This is the seventh in a planned 20-part series of articles on intellectual property. In future posts, we will explore additional aspects of licensing and commercialization of products.
In this posting, we will provide a brief summary of licensing – what it is, who grants the lcienses and what licensees can expect, generally.
What is licensing?
Licensing allows someone else to use a protected idea; that is, a license is an agreement that allows the licensee to use the technology for some purpose - usually to create products based on the technology - in exchange for a license fee and/or a commission on revenues.
In other words, the licensee will take the idea and turn it into a viable product or otherwise create some kind of revenue stream off the technology. The inventor will then see a portion of those revenues under the terms of the license.
The license will typically have some level of restrictions on it; for example, it may allow the licensee to use the licensed technology in certain applications, or geographic areas. In addition, it might be exclusive to one licensee or there may be multiple licensees for a given technology.
Who grants licenses?
The person or organization who grants the license is the one who has the rights to the protected technology, usually through a patent or an active patent application.
Licensing can be a major source of revenues for inventors, research and development facilities, etc. In fact, most major universities, and many smaller ones, have departments solely committed to licensing and related activities. They can go by several monikers, including “Technology Transfer” or “Commercialization” or something else, but what they do is generally the same thing: take technologies created at their institution and provide the rights to those technologies to companies or other licensees so some money can be made off the idea.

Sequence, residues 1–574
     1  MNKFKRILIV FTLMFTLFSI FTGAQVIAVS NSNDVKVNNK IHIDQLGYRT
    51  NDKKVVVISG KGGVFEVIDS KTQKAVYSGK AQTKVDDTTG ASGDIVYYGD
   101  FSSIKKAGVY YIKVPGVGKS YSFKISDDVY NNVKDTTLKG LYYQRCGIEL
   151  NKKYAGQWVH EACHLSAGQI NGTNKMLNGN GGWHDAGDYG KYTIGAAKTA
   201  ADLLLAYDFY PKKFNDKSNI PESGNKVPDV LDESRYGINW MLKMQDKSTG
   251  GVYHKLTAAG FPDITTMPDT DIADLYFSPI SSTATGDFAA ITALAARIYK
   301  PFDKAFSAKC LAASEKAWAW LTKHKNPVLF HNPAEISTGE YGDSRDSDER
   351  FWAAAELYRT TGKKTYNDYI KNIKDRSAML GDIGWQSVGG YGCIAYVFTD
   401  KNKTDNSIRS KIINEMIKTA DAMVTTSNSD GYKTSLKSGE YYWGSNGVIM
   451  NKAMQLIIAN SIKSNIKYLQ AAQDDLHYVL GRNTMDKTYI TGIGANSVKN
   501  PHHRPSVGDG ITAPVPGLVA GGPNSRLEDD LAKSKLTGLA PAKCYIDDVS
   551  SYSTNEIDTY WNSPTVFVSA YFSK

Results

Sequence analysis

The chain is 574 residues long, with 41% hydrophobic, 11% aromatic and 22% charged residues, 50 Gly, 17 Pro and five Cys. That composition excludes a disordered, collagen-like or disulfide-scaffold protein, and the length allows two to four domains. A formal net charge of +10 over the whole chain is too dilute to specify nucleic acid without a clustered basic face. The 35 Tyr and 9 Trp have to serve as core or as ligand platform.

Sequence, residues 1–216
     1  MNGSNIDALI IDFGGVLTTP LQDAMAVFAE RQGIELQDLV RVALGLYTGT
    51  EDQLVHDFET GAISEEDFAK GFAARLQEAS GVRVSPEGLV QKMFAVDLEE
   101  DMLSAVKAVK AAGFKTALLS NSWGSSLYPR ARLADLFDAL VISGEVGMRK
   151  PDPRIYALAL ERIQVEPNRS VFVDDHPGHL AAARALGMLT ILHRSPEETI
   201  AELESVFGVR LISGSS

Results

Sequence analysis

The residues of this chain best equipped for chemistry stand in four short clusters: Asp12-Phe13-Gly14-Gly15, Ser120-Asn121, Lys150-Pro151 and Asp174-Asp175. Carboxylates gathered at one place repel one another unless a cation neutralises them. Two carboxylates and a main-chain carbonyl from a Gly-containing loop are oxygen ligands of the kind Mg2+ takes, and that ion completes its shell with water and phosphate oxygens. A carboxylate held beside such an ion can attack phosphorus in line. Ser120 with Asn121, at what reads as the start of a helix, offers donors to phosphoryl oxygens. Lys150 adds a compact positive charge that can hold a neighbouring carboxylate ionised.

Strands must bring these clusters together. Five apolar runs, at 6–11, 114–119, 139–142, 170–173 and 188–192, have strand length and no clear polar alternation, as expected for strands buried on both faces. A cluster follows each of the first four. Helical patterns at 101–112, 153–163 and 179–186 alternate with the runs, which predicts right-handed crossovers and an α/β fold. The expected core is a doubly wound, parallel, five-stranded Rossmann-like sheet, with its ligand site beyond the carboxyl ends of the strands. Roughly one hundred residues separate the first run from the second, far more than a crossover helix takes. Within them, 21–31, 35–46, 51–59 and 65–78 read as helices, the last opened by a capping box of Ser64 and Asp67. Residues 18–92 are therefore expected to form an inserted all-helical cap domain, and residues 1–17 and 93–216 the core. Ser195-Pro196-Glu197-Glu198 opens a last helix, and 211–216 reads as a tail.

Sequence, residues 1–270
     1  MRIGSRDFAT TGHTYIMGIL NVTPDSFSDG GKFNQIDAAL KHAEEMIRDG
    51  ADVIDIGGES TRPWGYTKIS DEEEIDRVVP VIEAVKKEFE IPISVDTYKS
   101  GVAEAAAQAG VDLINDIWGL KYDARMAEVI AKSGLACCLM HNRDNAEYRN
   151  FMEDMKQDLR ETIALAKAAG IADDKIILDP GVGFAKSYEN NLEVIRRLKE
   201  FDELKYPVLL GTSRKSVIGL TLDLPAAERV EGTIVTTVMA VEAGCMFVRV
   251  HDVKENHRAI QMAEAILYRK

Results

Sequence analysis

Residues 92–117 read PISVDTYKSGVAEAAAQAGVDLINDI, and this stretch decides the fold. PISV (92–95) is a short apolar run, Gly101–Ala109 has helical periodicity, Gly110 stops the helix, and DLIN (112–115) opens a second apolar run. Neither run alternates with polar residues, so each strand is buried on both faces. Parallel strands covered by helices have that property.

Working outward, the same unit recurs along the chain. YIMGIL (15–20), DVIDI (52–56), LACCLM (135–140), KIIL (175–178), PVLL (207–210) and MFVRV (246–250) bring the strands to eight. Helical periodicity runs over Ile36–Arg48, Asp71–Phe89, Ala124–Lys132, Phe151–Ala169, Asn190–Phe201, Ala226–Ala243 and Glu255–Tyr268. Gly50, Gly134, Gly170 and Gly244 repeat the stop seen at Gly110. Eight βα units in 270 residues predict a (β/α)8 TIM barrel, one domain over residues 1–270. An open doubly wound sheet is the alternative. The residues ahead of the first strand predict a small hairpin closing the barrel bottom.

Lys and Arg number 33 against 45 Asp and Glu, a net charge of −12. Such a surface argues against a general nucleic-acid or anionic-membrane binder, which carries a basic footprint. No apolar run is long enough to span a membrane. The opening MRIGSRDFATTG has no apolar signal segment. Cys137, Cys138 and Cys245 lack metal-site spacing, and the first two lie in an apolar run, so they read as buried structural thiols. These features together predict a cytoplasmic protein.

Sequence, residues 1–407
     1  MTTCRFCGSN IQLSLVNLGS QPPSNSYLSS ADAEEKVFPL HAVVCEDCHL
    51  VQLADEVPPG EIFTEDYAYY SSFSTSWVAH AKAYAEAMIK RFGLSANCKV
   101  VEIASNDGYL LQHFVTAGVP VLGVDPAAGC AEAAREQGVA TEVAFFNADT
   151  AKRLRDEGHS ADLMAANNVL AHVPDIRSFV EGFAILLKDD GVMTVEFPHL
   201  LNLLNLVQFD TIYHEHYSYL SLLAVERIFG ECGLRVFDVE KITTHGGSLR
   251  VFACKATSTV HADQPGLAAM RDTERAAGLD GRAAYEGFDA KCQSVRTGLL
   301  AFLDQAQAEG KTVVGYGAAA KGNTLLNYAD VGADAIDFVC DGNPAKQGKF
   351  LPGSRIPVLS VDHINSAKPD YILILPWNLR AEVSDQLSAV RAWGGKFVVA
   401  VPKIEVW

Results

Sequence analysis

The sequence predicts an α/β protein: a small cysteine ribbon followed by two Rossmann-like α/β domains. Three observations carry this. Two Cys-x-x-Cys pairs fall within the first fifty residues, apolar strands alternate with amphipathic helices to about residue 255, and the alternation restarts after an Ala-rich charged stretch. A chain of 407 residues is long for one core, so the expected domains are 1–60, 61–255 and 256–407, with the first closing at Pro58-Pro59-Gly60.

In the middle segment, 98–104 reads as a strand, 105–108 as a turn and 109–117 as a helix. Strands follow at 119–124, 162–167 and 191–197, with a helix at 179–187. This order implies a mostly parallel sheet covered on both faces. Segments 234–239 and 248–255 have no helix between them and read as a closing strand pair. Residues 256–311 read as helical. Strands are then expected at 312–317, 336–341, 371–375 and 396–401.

One of the largest, and most successful, licensing organizations is the Wisconsin Alumni Research Foundation (WARF), based in Madison, WI. This is the licensing arm of the University of Wisconsin. WARF was established over 80 years ago as a patent management agency. Their first license agreement was with Quaker Oats for a process involving vitamin D in cereals. The license arrangement allowed WARF to control which companies received licenses to the new process. This ensured that the process was not abused and that profits on the process would be shared with the University.
What about the licensee?
As alluded to earlier, the licensee will typically be required to pay license fees, usually determined by royalties on sales or some other commission-type structure, and could also have milestones that it will be required meet in order to maintain the license.
Details on a typical license and its structure and terms will be addressed in upcoming installments.